The 90-minute feature-length indie film comes in “well below $500,000,” according to producer Tim Nash, but packs in plenty of Hollywood experience and Eastern Iowa scenery.
It’s the tale of two engineering students — hopeful romantic Quinn and serial dater Graham — who discover a mathematical formula for picking up women. It stars Brandon Baker from the 1999 Disney Channel film “Johnny Tsunami”; Reginald VelJohnson from the ‘90s sitcom “Family Matters” and the “Die Hard” and “Die Hard: 2” films; and Sasha Jackson from the film “Blue Crush: 2” and television’s “One Tree Hill.”
Baker’s co-conspirator is played by Fort Dodge native Mike Schminke, who has worked in Los Angeles and is now honing his comedy chops at Second City in Chicago.
The film, a year in the making, was shot last summer in Iowa City, Burlington and West Liberty. Before it hits the indie film festival circuit, local audiences, cast and crew can see a free sneak preview Saturday night at the Englert Theatre in Iowa City.
- Screening of “The Formula”
- 8 p.m. Saturday
- Englert Theatre
- COST: Free
Moving-making in Iowa offers the best of both worlds — Hollywood and the heartland — for the three Backrow partners who all have day jobs, but want to nudge more and more toward film work. Their two previous films — “Kung Fu Graffiti” and “The Wedge” — have grabbed enough industry attention that they decided to up the ante with “The Formula.”
“It’s our largest budget to date, but it’s not as high as you would think. It’s probably a pretty extreme low budget in comparison to the industry standard,” says Nash of Cedar Rapids, whose partners are writer/co-director Joe Clarke and executive producer Ravi Patel, both of Iowa City. All are University of Iowa graduates in their 20s and 30s.
“We’re still learning,” says Nash, 33. “We want to create something that will meet the Hollywood industry standard, but we want to keep the cost low. It’s the same as any other business model: Quality product at a low cost. …
“We think that we can continue to make quality films that people really enjoy. We can do that in the Midwest — we don’t need to move anywhere,” he says. “Iowa — and the Midwest in general — is extremely versatile. We can always find a cityscape if we need it, we can find pastoral scenes. It’s something that we really want to try to keep working towards, staying in the Midwest, doing what we’re doing, on an extremely low budget.”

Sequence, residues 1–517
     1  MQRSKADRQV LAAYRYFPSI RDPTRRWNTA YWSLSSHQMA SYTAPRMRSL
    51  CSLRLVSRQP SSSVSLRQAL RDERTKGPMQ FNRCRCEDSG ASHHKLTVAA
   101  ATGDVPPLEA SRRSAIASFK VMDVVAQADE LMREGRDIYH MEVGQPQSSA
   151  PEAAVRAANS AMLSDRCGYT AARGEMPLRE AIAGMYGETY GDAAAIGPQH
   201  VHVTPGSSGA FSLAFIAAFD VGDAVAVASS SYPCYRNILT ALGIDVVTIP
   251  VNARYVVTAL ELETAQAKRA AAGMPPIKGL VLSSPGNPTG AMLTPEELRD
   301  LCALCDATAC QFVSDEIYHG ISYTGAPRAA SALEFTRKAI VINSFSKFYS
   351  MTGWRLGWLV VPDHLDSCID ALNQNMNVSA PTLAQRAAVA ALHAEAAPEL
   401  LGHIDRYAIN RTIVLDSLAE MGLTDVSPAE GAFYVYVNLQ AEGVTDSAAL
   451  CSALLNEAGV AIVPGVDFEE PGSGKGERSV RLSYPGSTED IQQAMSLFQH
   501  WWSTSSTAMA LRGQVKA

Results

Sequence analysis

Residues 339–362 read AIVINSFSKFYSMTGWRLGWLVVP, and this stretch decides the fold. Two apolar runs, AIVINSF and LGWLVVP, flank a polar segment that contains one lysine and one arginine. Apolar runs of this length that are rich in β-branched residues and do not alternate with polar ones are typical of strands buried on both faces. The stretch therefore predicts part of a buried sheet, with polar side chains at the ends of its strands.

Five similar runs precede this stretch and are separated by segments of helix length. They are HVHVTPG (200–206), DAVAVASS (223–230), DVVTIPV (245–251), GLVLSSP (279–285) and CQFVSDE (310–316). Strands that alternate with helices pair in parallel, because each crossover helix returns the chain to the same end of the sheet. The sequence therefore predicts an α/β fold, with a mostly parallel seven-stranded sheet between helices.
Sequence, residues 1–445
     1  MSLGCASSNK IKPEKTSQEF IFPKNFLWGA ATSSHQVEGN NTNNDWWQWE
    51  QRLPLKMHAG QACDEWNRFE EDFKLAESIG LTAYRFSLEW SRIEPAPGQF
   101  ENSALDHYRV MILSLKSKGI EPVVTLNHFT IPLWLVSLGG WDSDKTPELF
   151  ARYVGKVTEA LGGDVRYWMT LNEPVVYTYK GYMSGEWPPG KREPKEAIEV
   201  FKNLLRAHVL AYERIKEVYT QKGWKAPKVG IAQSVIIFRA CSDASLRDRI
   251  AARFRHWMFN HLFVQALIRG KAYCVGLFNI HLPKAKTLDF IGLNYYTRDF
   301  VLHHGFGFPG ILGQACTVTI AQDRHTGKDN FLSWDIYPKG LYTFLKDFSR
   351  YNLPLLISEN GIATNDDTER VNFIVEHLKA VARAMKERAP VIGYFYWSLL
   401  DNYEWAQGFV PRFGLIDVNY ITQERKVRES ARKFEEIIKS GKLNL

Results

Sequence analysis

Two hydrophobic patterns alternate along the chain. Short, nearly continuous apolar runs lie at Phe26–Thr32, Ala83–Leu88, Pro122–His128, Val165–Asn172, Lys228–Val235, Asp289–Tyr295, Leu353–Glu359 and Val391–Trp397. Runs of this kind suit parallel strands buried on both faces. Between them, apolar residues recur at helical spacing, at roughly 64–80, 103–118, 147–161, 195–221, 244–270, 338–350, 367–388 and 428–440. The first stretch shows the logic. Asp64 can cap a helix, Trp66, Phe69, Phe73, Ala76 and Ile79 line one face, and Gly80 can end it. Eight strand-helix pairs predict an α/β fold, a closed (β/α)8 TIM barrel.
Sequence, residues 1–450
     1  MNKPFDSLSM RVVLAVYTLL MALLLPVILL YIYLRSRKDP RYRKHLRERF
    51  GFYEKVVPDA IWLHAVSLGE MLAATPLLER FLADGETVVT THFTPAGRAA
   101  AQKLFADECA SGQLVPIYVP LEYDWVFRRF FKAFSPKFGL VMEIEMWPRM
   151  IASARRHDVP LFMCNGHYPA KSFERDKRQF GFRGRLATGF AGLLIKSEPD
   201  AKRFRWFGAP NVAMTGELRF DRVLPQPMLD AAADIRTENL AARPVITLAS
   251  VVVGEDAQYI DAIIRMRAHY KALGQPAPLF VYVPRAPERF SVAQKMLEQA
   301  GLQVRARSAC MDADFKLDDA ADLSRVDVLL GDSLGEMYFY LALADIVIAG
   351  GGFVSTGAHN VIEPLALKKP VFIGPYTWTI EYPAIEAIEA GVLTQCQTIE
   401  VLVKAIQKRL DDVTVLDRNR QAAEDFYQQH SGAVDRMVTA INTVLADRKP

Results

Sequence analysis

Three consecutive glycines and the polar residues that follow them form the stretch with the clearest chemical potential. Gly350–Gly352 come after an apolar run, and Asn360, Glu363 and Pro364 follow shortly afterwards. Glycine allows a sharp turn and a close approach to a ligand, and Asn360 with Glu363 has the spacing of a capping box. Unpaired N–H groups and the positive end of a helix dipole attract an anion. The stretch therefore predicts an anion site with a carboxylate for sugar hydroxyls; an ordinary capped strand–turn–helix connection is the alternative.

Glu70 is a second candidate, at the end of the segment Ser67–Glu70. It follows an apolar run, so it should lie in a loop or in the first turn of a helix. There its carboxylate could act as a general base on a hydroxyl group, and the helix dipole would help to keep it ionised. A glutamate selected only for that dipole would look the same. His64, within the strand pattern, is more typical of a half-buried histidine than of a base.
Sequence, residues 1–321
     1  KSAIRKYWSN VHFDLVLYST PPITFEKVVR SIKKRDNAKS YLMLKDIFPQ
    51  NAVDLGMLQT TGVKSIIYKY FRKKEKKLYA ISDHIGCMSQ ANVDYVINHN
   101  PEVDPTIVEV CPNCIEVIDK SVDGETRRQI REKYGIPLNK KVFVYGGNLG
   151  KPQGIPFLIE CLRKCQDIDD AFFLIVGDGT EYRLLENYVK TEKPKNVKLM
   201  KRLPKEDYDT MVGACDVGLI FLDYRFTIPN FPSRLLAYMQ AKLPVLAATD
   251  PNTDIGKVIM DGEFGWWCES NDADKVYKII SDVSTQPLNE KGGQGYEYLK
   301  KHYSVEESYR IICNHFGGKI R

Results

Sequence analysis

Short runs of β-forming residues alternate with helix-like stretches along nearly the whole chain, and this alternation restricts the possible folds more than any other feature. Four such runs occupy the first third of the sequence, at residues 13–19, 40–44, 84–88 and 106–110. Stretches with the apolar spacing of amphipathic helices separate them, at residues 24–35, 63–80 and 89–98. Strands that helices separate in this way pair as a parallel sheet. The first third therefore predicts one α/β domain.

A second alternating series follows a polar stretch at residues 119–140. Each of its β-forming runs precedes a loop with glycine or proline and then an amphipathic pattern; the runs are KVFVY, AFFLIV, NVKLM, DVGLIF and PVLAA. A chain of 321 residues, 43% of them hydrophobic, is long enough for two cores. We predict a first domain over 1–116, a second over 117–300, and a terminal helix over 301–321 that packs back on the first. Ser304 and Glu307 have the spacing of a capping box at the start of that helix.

He says proprietors readily opened their doors for location shoots, which range from Iowa City restaurants and bars and the Gaslight Apartments to the New Strand Theatre in West Liberty and a law office in Burlington. Other recognizable spots include the UI engineering building and City Park in Iowa City.
“The people are fantastic,” Nash says. “That is one of the things we love about working in Iowa City. A couple of us have talked about doing the Los Angeles thing — I lived in Los Angeles in 2002. It was fun and a different experience, but the great thing about working in Iowa is, when you’re making a film, people get excited about it. They get excited their establishment is going to be part of a film.”
Finding the Hollywood actors was pretty easy, too, Nash says.
Baker was at the top of Clarke’s wish list, so they sent the script to Baker’s agent. They liked it, and Baker came onboard. For the others, Nash says, “It was Ravi’s idea to see what would happen if we just started calling these agents” offering up the script for perusal.
“The concept is so simple — it’s these Midwestern kids who reach out to Hollywood to see if they want to be in our movies.”
VelJohnson arrived on a Saturday, shot his scenes, and left the next day. Jackson was in town for three or four days, Nash says, which makes it easier to attract established actors for indie films.
About 20 people worked on the crew, from a professional cinematographer to others working for room and board, just to be in on the experience.
The sky’s the limit for indie films these days, if they can grab the attention of heavy-hitters like Matt Damon and Ben Affleck, whose first film, “Good Will Hunting,” grabbed two Oscars and launched their careers.
“We hope that a distribution company will find us. I think that they’re out there,” Nash says.
It’s a matter of time and getting “The Formula” into film festivals where it will reach wider audiences. Regardless of where it’s screened, Nash says: “We just want people to have a good time watching it.”